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Arthrogryposis is a condition that can affect the spine and most joints such as the hips, knees, ankles, shoulders, elbows and hands. Arthrogryposis may also be referred to as amyoplasia or arthrogryposis multiplex congenita (AMC). Escobar syndrome is a form of arthrogryposis where there is skin webbing at the joints (pterygium).

The severity of the disease varies from person to person. Treatment varies according to the cause and severity of the condition and may include physical therapy, casting, surgery, or a combination of these options. In many cases, when treatment begins at an early age, children can gradually become stronger and experience improved joint mobility and function that lasts the rest of their lives.

Published in: Health & Medicine
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  1. 1. Arthrogryposis(Amyoplasia or Arthrogryposis Multiplex Congenita [AMC]) David S. Feldman, MD Chief of Pediatric Orthopedic Surgery Professor of Orthopedic Surgery & Pediatrics NYU Langone Medical Center & NYU Hospital for Joint Diseases
  2. 2. OVERVIEW
  3. 3. The word “arthrogryposis” is actually a catch-all term used to describe instances of joint contractures that are present at birth.
  4. 4. Treatment varies according to the cause and severity of the condition but when treatment begins at an early age, children can gradually become stronger and experience improved joint mobility and function that can last the rest of their lives.
  6. 6. Arthrogryposis is a rare medical condition that only occurs in about 1 in 10,000 live births.
  7. 7. The condition is characterized by malformed or stiff joints, muscles, and tendons that result in arms, legs, hands, and / or feet having limited to no mobility.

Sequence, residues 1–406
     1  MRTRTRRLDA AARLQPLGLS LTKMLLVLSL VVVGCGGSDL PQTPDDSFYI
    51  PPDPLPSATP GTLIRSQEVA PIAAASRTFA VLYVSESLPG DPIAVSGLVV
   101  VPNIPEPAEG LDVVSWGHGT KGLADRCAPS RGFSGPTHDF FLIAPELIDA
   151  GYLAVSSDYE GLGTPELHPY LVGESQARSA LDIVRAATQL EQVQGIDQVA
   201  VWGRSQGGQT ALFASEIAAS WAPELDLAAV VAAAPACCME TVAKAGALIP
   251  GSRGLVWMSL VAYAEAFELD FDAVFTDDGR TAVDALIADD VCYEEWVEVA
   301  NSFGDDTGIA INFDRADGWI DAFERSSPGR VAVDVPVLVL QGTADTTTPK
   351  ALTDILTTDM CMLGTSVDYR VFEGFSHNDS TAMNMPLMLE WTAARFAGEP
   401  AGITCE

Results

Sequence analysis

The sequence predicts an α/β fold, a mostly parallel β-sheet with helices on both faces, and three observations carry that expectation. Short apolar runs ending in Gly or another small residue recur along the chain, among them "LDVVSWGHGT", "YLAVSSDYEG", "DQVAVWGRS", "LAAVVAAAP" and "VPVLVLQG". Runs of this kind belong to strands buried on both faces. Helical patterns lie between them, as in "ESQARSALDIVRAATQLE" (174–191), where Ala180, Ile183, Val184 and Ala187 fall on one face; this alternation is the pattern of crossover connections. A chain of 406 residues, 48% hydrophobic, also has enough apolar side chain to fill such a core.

8. 8. The cognitive function of children with the condition is not affected. In fact, they are often extremely bright and communicative.
  9. 9. CAUSES
  10. 10. There is no one specific cause of arthrogryposis but the most common causes are genetics and intrauterine viruses.
  11. 11. Genetic causes often only involve the hands and feet while other causes typically result in more generalized weakness and contractures.
  13. 13. Arthrogryposis tends to be found in its most severe form during newborn examinations.
  14. 14. Given the various possible causes of arthrogryposis, proper diagnosis plays a very important role in determining treatment.
  15. 15. Diagnosis methods may include MRI, muscle biopsies, blood tests, DNA testing, studies, and / or observations.
  16. 16. TREATMENT
  17. 17. Arthrogryposis may require very complex treatment and should therefore only be undertaken by health professionals who are not just familiar with the disease but have a high level of expertise in treating arthrogrypotic patients.
  18. 18. I believe that if a child is to have surgery, there must be an expected outcome that can change the child’s life. This ensures that children do not undergo multiple painful surgeries that result in very little change in their condition.
  19. 19. To achieve the best functional outcomes, I:  Assess the patient’s underlying muscle strength  Outline realistic goals  Assess the potential benefits of treatment  Partner with an exceptional team of experienced medical professionals to provide treatment
  20. 20. Non-surgical Treatment
  21. 21. Occupational / Physical Therapy In some cases it may be possible to correct arthrogryposis to some degree with therapy alone. Therapy may include mobilization, casting, and splinting that would be ongoing in addition to any other treatments.
  22. 22. Casting / Splinting The primary treatment for wrists, hands and clubfeet and often the only treatment needed. It can be performed by me and / or therapists and may be utilized at all ages.